Durkees’ Front Lawn Concerts a community connector

By Maya Betti

Under the foliage of light-strung trees, dozens of people gathered May 22 on the front lawn of the Paul and Kim Durkee home to enjoy another night of music and fun.

As the Irish tunes of The Northerly Gales filled the air, children dashed back and forth across the street, dogs sat contently next to their owners and Kim served homemade cookies to every neighbor.  

The event was one of many Music on the Front Lawn concerts hosted by the Durkee family in front of their house at 1386 Grantham St. These Front Lawn concerts, which have been held since October 2020, have become a way for the neighbors and the wider local community to connect through music.

         The concept arose from the isolation of the pandemic when music could no longer be enjoyed safely indoors. The Durkees came upon a novel solution.

“We knew of some bands and musicians and we said ‘Hey, we can do this in our front yard,’’ Paul said.

         The couple hosted four times in the fall of 2020 and then eight in the summer of 2021, believing that would be all.

However, before the season was over, musicians started calling to ask if they could play at their venue the following year, and, just like that, Music on the Front Lawn became a local staple.

         While the venue itself is unique, another aspect draws musicians in: The generosity of the neighborhood. Despite only being compensated through tips, musicians typically receive no less than $1,100, with some earning up to $4,600.

“They generally make more money here than they would at almost any venue in the Twin Cities,” Paul explained.

         Randy Conaway, who does vocals, bass and various other instruments for The Northerly Gales, is also a neighbor to the Durkees, living just three houses down. He remembers that sometimes while his band was practicing, they would hear the concerts, stop practicing and come enjoy the show. He eventually gave Paul a CD, which led the Gales to perform this year.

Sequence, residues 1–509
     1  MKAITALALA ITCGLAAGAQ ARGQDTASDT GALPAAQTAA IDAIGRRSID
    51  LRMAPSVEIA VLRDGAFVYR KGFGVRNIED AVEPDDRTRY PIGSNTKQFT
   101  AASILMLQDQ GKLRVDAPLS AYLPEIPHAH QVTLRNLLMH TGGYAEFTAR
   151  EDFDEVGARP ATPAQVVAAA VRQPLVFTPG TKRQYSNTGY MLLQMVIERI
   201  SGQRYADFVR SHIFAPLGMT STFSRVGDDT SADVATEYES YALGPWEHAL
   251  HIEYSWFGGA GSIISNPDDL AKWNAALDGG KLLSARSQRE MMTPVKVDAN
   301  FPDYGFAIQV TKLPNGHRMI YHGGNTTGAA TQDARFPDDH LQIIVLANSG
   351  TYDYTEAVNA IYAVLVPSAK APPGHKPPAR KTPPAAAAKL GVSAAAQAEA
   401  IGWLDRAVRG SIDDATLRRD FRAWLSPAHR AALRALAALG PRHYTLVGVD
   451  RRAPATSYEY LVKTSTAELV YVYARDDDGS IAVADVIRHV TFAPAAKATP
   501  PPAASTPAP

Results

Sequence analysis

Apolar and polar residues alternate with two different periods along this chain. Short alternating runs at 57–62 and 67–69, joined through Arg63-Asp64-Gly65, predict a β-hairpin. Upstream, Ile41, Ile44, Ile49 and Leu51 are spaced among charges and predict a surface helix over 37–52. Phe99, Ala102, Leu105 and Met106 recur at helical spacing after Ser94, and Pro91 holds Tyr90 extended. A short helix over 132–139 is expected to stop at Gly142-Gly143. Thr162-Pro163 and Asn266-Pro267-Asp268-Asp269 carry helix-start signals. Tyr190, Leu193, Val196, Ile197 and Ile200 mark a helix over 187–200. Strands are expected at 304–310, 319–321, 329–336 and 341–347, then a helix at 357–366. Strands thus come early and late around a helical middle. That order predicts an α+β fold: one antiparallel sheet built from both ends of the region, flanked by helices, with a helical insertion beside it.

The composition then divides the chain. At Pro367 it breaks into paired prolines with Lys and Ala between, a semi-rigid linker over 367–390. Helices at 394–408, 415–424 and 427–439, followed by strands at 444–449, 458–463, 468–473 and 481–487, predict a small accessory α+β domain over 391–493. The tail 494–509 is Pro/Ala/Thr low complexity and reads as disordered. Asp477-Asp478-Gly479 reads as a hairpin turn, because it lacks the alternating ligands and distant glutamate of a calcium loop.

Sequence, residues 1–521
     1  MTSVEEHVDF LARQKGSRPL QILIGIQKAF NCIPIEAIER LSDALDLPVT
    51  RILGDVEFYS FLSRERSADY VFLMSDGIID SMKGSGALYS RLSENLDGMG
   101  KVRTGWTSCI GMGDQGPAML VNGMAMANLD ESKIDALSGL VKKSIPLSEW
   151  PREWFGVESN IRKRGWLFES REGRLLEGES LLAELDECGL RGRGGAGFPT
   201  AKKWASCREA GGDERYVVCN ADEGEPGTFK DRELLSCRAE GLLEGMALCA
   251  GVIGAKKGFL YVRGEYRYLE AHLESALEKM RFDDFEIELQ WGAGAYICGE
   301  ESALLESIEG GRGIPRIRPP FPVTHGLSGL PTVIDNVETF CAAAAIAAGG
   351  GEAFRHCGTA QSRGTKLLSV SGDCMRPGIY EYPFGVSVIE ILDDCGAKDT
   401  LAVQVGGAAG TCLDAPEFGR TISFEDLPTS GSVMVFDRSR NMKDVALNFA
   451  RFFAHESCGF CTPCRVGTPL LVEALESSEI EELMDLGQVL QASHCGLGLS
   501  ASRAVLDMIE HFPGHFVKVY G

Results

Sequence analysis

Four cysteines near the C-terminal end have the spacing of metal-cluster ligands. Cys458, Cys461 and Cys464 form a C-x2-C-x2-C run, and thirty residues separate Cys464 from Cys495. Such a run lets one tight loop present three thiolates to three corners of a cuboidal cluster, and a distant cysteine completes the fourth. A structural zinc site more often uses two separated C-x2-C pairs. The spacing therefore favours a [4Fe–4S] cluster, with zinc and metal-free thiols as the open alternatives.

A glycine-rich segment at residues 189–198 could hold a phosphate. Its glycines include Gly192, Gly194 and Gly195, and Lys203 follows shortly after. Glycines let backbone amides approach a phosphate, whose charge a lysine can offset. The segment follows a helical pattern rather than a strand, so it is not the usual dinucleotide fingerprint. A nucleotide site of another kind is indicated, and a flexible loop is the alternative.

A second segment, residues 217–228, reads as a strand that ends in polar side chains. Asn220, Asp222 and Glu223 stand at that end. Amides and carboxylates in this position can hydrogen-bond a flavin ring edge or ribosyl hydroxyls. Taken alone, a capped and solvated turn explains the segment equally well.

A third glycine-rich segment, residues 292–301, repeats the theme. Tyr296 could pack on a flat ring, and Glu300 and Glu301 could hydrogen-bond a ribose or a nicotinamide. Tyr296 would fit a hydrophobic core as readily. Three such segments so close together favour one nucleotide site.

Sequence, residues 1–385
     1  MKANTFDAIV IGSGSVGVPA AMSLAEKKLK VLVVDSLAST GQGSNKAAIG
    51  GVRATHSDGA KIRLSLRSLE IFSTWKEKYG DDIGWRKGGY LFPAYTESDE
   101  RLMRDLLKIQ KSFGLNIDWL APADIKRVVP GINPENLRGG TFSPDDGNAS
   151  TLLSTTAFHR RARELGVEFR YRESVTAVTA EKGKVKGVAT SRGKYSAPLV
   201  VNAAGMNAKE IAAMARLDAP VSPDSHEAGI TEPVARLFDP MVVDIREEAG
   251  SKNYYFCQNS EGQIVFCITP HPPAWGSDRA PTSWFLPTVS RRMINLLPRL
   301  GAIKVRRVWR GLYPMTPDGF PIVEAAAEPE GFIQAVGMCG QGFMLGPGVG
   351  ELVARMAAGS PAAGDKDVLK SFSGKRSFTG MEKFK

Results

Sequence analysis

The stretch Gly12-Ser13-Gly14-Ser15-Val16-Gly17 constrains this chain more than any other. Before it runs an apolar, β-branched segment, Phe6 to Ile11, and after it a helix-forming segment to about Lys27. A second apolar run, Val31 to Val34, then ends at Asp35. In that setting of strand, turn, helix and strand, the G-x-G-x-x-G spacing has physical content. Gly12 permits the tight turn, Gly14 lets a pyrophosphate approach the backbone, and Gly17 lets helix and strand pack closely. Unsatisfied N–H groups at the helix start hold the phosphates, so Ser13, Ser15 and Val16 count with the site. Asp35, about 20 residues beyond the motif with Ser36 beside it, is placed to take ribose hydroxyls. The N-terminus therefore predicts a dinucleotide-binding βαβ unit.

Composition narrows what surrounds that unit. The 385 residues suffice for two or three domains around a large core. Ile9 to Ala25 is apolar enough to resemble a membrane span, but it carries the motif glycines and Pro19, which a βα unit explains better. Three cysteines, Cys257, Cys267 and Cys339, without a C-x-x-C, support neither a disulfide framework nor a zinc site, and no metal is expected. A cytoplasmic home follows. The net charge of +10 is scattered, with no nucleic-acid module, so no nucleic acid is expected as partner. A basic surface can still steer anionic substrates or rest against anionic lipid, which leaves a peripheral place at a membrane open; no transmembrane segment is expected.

The band members, who have been together for nearly 10 years, noted how delightfully different the Durkees’ set-up is.

“We’re used to playing in a really crowded space where we can barely hear what we’re playing and we barely hear anyone around us,” said Tamara Maluda, who does fiddle and vocals for the band.  “It’s kind of a treat to get to play something like this where we’re really exposed and people can really hear what we’re actually doing.”.

         Getting selected to play at the Durkee venue is not first come, first serve. Paul noted he has a long list, currently around 30 names, of bands that want in. He and Kim want the community to know they’ll find good bands, which is why they listen to the bands before selecting them and seek out a variety.

         Paul and Kim’s dedication to find good bands has not gone unnoticed by attendees.

“It’s good music,” said Charlene Chan-Muehlbauer, a local community member.  “Some of these bands are spectacular, and everyone’s always happy. You can see how much effort they  (the Durkees) put into making their music really good for the audience.”

          Karen Kistler, another community member and long-time friend of the Durkees, loves the combination of grassroots music, community gathering and the outdoor environment.

“It’s one of the highlights of the summer and they’ve developed this into a gorgeous, gorgeous, comfortable down-home kind of night,” Kistler said

         The Durkees said they are happy to connect community and music. “Between the appreciation from the bands and the appreciation from the people who come, it’s amazing how many people appreciate listening to live music,” Kim said.

         The Music on the Front Lawn series continues into October with concerts running from 6 to 8 p.m.  

Upcoming shows:

  • June 27 – Erin McCawley’s Harrison Street Band (please note that Good Morning Bedlam canceled their show)
  • July 11 – Belfast Cowboys with Robert Wilkinson/Steve Brantseg opening
  • July 25 – The Stella Vees
  • August 8 – The De’Lindas

Maya Betti, a journalism student at St. Olaf College, is a summer intern for the Bugle.

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